Most people know what to expect when they enter their local church on any given Sunday. Baptist, Methodist, Presbyterian—it doesn’t matter. Even those churches who pride themselves on being “different” most often have a certain way of doing things, from dress to worship style to music. And that’s fine—until people begin to see those things as an essential part of their experience with God. At that point the system becomes a fundamentally flawed strategy.
Around the world we teach missionaries to take the gospel into specific cultures. We teach them to take plenty of time before entering a culture so they can rightly understand the language, culture, and mind-set of the people there. By doing so, they can see how the church needs to look in that particular soil. That’s called contextualization. And in contextualizing, we follow the example of great cultural innovators of the past like Hudson Taylor, William Carey, Amy Carmichael, and Lottie Moon—the favorite of my particular denomination.
Lottie Moon understood what true contextualization meant, and it cost her life. She dressed in Chinese clothes, lived in Chinese culture, and ate Chinese food (at least until she eventually starved to death by giving it all away). My denomination memorializes her work through a missions offering each year around Christmas. But it is a huge irony that one of the greatest missionary examples in history, whose work is celebrated each year, no longer seems to be our model.
Instead we seem to find something that works in one place and try to make it work the exact same way in an entirely different context.
Contextualization is not just a concept applicable to work in other countries; it is applicable in every single place that has a context. And that would be everywhere.
Simply put, we will not reach communities this year, let alone in the next decade, if we continue to try to do so with church methods that worked in the communities of the 1950s. It’s hard for some people to hear that, and while I don’t want to be critical or harsh, I will confess I am desperate. Desperation forces us to speak the truth in love. As missionaries wherever we live, we must daily be involved in the contextualized communication of the gospel. That’s what missionaries and missional Christians would do.
Missionaries teach us to look similar and live differently. That’s what good missionaries do. Unfortunately, we don’t tend to do that in our culture today. Instead we look different but live the same.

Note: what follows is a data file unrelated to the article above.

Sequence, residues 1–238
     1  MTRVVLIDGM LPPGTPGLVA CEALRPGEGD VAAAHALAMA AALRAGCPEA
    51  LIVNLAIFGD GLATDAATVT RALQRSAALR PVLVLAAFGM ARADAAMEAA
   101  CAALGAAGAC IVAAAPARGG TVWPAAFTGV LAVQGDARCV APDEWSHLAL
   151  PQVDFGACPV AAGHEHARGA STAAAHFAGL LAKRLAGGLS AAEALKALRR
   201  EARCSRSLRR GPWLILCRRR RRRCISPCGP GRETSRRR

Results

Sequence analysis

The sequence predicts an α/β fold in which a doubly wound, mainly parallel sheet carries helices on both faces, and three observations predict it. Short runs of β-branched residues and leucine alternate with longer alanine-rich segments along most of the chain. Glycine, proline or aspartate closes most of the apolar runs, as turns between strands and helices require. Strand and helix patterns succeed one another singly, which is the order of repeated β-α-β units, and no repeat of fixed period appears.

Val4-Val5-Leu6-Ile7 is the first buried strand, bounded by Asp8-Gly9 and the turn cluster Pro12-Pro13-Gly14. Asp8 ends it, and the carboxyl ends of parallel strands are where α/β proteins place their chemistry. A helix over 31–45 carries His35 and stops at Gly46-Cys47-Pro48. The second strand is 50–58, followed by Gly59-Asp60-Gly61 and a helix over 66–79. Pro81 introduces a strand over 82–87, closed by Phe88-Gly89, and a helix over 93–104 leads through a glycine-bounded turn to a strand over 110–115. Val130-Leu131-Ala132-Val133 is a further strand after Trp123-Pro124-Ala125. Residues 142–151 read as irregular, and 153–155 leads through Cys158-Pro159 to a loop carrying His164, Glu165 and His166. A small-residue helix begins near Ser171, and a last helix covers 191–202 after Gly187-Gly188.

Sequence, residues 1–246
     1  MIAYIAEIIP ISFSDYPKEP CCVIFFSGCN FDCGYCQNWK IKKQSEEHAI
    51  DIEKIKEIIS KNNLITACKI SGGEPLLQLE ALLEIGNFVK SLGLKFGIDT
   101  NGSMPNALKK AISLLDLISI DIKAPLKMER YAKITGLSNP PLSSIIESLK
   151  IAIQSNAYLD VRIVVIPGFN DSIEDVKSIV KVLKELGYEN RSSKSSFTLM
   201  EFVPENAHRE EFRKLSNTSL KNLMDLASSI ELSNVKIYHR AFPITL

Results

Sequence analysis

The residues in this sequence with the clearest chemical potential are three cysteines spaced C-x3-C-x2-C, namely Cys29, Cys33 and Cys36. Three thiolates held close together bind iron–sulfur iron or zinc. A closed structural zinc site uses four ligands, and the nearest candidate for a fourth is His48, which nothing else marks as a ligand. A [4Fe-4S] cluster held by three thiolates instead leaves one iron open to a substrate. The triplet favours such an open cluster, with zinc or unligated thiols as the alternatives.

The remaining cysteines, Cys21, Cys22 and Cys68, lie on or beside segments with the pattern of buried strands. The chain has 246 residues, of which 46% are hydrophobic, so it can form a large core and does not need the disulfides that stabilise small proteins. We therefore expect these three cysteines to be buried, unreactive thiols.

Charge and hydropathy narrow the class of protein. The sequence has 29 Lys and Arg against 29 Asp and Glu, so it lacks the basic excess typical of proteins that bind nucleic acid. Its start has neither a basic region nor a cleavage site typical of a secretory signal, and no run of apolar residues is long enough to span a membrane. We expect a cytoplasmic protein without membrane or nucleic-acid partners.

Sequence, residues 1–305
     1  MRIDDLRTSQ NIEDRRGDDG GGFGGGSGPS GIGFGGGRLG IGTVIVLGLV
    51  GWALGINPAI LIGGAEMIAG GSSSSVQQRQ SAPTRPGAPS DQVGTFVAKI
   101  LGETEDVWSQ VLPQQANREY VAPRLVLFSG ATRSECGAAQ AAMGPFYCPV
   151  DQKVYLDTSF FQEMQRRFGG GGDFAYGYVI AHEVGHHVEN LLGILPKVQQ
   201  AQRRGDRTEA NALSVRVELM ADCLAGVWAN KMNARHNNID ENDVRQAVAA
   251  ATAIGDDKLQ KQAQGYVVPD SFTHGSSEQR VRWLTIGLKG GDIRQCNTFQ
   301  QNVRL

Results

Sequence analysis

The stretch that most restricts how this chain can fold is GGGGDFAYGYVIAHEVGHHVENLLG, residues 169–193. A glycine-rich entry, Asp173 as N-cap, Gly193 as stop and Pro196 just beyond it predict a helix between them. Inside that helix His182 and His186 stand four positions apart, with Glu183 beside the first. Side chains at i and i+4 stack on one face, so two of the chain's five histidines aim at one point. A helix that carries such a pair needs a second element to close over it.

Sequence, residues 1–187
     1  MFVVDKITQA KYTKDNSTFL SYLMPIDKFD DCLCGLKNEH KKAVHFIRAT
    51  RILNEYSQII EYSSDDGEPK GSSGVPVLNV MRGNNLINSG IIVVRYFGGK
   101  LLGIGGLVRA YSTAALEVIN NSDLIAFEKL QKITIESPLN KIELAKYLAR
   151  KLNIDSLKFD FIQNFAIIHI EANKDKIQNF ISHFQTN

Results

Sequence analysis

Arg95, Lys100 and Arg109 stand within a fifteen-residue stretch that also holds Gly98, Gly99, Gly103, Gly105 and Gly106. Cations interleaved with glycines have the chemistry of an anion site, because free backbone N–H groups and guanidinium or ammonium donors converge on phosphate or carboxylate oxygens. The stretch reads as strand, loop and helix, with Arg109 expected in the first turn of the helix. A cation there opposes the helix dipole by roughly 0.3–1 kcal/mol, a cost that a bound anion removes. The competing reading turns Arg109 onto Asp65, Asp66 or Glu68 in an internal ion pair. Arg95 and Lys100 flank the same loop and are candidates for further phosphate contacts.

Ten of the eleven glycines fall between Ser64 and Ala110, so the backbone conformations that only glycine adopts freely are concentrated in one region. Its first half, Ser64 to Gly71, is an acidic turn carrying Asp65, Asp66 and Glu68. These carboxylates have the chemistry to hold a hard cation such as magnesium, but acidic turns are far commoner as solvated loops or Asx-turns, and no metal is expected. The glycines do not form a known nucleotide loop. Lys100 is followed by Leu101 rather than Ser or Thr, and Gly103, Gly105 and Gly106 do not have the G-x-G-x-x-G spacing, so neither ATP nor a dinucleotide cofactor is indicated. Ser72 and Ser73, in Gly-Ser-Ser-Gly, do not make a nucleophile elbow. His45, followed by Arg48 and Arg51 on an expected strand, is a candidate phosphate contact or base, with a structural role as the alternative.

We may dress in a tie or skirt on Sunday mornings, but on Monday morning we’re still driven by the world’s definition of success. We may listen to Christian music, but we use words in conversations that tear others down. We may not go to bars, but we’re guilty of gluttony. We may avoid movies like but we struggle with Internet pornography at the same rate as non-Christians. We may go to Christian schools, but we ignore the hurting world around us. We have failed to “shine like stars” amongst a “crooked and perverted generation,” as we’re urged to do in Philippians 2:15. Once again, Paul, the greatest contextualizer of them all gives us advice on how to do it.
Church isn’t supposed to be like TiVo. That is, it’s not a place where you can choose to keep only what lines up with your viewing pleasure and delete the rest—while you cozy up to watch surrounded by friends who laugh at the same things you laugh at and get caught up in the same dramas that you get caught up in. Church isn’t supposed to be like that, but most of us have been catered to in so many other areas of life that we’ve become little more than church consumers. So if someone threatens our preferences, we’ll just shop around until we find another.
The apostle said that he would give up all personal preferences because of the mission to share the gospel. Let’s not forget that Paul was a Jew by birth; Judaism was his heart culture. It was the culture of his mother and father, the one he had grown up in and felt most comfortable around. Yet for the sake of the gospel, he was willing to become all things to all people. In fact, he even went so far as to say,
“For I could wish that I myself were cursed and cut off from the Messiah for the benefit of my brothers, my countrymen by physical descent” (Romans 9:3-4).
Paul’s passion was so great that he was willing to sacrifice his very salvation so the Hebrews might be saved. What about us?
Most of us aren’t willing to sing different songs.
Most of us aren’t willing to trade seats.
Most of us aren’t willing to adapt our methodologies.
Most of us love preferences more than the gospel.
Do we love our preferences more than the people who are dying to connect with a God who loves them?
There are plenty of people who will tell you not to be culturally relevant. They’ll even tell you it’s wrong to be culturally relevant. Please don’t listen to them. It simply doesn’t make sense to be angry at culture. Preaching against someone’s culture is like preaching against someone’s house—it’s just where someone lives. There are good things as well as bad things in it, but we have to live in the culture in order to transform it. We must be missionaries in our own contexts.
The “how” of ministry is in some ways determined by the “who,” “where,” and “when” of culture. The gospel has not become irrelevant in today’s culture. The gospel, the Scriptures, and the cross are relevant in this in every culture. Our churches are what have become irrelevant.
Too many churches have chosen their traditions over their children. They’ve chosen their present comfort over their future. We live in a world full of people in need of hope. We can ignore them, or we can meet them where they are. I think meeting people where they are is the better way to go. And that means going—as sent people—into real relationships with real people in the real world.
This article is excerpted from Sent: Living the Missional Nature of the Church.